Day 2: BYU Education Week
I just got home from a long day of back-to-back classes, out the door at 7am and just home now – almost 10:30. It was a wonderful day, but I’m so spent and my brain is mush – so all I can do is give some highlights.
* * * Forgiveness * * *
Very interesting that I posted yesterday on forgiving loved ones after my mind ran wild during a class on how to write your family history… because today, I ended up in a class called, “Finding Healthy Forgiveness”. In order to get a free pass for the week, I chose to volunteer a little bit of my time each day by hosting a class (welcoming guests, answering questions, directing traffic, etc.), and this was the class that I was assigned to. How apropos.
Some might think I am insensitive to those who have been victimized because of my logical ability to forgive so easily, and to encourage others to do the same. This class reminded me of many valuable points. But first, I want to quickly add that the reason I am probably so logical and ideal about forgiveness now, is because I used to be the chronic victim. And I had to work through a lot issues surrounding that. It’s easy for me to forget that and take it for granted when watching others struggle with being a victim or with forgiveness.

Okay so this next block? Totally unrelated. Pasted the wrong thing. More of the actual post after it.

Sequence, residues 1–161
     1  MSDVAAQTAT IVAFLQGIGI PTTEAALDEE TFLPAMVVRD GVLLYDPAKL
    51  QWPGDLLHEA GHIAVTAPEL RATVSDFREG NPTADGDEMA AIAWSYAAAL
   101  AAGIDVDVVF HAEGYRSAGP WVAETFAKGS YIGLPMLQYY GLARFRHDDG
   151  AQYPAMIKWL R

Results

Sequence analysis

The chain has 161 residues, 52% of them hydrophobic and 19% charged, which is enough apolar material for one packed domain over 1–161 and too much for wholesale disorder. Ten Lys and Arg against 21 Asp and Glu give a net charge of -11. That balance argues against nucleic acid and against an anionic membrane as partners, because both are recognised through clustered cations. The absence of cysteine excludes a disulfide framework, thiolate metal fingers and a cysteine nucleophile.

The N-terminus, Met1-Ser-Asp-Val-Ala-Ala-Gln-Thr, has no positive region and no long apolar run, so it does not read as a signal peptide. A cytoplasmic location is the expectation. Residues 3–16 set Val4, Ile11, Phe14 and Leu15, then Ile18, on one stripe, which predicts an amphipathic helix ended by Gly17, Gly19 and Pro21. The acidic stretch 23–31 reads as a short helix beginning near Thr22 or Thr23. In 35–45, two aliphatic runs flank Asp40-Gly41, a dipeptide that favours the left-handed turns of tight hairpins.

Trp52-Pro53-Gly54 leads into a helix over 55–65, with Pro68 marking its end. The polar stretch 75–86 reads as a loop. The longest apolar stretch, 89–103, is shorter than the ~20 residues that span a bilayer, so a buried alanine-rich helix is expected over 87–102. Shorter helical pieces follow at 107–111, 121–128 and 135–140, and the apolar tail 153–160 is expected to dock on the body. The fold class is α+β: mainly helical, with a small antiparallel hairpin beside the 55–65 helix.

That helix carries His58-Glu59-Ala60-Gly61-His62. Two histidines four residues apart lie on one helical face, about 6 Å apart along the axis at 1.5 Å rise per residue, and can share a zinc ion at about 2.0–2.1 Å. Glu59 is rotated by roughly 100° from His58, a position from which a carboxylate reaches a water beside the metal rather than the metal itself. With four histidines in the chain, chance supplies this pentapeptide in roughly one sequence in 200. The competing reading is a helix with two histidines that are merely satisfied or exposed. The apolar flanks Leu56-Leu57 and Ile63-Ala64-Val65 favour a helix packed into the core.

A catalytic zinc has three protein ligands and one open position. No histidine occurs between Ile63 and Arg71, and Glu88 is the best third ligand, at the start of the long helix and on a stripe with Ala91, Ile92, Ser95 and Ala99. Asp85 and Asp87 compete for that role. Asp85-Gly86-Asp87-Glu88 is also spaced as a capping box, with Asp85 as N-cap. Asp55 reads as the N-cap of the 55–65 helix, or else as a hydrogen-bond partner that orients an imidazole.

Some valuable points I learned (sorry to do bullets… but I’m so tired I can hardly keep my eyes open):
- Forgiveness only works when you are safe and no longer a victim (for those truly in victimizing situations).
- Forgiveness only works with healthy boundaries in place.
- You must implement an exit strategy to be safe if you are in an unsafe environment.
- You cannot grow in a constant state of survival.
- You must take control of your situation – you cannot wait for your victimizer to ‘get it’, or wait for them to apologize. It may never happen. Take control and get safe. Then you can take your power back and work on forgiveness.
- The only people who can be chronically victimized WITHOUT CONSENT, are children.
- Real love may require bold confrontation – not repeated abuse, apology, and forgiveness (a never-ending cycle).
- Act for yourself – do not be acted upon.
- Forgiving is not forgetting, it’s letting go of the hurt.